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Board rejects appeals to stop construction of racetrack in Ozarks

Thursday, November 17, 2011 | 12:17 p.m. CST

FORSYTH — A controversial proposal to build a racetrack in the scenic Ozarks is one step closer to reality after a board denied five appeals that had been filed to stop the project and gave the developer a break on one of the restrictions that had already been imposed on the track.

The Taney County Board of Adjustment on Wednesday night rejected appeals filed against the Branson Sports Entertainment Complex, which will feature a NASCAR-style track on 800 acres south of Hollister. The 1.25-mile track and an adjacent road course would host a variety of events about 200 days each year, according to developer Russell Cook.

Supporters of the track say it will bring jobs and economic development to the area. Several opponents, including Johnny Morris, founder of Bass Pro Shops, say the track will damage the Ozarks environment and cause too much noise and traffic.

Board members unanimously decided on all five appeals that the planning commission had not made any errors in approving the project.

KY3-TV reported that attorneys for opponents said after the meeting they will go to court to stop the development.

The appeals were filed after the Taney County Planning Commission in July approved a permit for construction of the track.

The appeals contended that the track would hurt property surrounding the development, that the developer has not provided sufficient proof that the project will create economic growth and that Cook violated procedures by doing grading work without a permit.

In February, the Missouri Department of Natural Resources notified Cook that his project violated the Clean Water Act because work had caused sediment to be released into two tributaries of Turkey Creek. After Cook obtained a permit, the DNR notified him work had taken place outside of the approved 75-acre work site, The Springfield News-Leader reported.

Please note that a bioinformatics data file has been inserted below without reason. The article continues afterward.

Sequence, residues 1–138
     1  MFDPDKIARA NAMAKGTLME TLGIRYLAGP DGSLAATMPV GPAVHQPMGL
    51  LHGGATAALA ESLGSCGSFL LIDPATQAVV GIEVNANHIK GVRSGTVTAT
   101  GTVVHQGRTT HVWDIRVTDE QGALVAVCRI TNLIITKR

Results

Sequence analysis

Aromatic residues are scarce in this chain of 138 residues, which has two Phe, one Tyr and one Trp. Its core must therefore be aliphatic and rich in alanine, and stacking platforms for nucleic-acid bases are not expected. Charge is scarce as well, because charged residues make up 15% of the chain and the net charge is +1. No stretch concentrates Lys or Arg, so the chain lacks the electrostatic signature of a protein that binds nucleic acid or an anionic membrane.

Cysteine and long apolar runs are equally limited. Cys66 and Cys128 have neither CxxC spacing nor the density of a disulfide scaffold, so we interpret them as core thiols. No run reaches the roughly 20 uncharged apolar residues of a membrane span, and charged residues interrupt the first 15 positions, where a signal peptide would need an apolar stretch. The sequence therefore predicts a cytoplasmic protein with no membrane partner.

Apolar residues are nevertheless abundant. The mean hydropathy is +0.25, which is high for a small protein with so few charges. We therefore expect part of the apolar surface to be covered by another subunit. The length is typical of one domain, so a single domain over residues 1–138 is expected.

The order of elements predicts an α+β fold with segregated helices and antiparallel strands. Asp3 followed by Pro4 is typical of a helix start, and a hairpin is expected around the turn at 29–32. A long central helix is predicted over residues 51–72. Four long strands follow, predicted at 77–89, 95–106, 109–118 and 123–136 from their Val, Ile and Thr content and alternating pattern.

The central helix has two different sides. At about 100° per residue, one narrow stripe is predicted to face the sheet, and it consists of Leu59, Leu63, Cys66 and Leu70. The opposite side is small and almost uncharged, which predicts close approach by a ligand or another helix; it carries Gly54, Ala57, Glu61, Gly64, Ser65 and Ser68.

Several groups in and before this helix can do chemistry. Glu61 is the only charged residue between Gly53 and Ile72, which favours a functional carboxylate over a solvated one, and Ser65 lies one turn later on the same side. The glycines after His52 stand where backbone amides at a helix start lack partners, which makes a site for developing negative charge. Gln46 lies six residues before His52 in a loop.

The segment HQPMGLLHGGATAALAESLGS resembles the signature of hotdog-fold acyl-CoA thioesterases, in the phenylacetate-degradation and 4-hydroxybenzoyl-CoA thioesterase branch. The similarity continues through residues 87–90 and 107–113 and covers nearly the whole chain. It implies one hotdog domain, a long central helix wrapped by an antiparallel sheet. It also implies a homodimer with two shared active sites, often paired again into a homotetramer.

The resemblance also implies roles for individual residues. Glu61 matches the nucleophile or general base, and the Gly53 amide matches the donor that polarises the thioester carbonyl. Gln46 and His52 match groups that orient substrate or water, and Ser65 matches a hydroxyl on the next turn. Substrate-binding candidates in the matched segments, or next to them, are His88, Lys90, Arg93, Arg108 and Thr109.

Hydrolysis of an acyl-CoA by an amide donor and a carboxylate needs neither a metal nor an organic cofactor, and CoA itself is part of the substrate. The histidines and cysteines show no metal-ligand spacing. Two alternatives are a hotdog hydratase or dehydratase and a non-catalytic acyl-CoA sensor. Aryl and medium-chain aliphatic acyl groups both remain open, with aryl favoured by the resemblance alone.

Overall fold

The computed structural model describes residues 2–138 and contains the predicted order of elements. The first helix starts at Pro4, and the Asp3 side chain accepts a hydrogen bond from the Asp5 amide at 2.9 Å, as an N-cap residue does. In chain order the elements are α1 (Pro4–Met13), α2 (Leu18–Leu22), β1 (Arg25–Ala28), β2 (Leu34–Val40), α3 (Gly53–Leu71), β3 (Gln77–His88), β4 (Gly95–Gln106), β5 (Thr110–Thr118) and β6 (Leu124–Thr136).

Stacey Whitfield, who filed an appeal on behalf of a residential subdivision near the track, told the commission those actions alone should block the project.

"Russell Cook and BSEC have been doing exactly what they want with no regard for anyone else," she said.

Opponents also noted that the project received a score of 24 out of a possible 87 on a policy checklist during the county's approval process because developers failed to sufficiently demonstrate that they could mitigate noise, pollution and traffic concerns.

Documents submitted by Big Cedar Lodge said the project would harm the area's economy because of "damage to the water quality of Taney County's streams and lakes" and that Big Cedar Lodge specifically would be harmed. The track is about 2 miles from the Big Cedar Lodge on Table Rock Lake.

Anthony Espy, an area resident who also filed an appeal, said it would adversely affect the value of his home, which he bought 17 years ago.

"We were here first," he said. "The noise pollution will be forced upon us."

Anthony Gosserand, the developer's attorney, said the project's developer followed all of the county's requirements.

The developer had asked the board of adjustment to eliminate several restrictions that were placed on the project, including methods for determining whether the track is adhering to sound-level restrictions. The board agreed to allow the track to allow races to begin at 9 a.m., rather than the original noon start.

The board also told developers to work more closely with the county to develop a more comprehensive noise-abatement plan and said the issue of required noise monitoring would be revisited after five years.

Project spokesman Nathan Adams said work on the project had stopped in June. But construction at the site may start again once the developers obtain environmental permits from the DNR and the Army Corps of Engineers.


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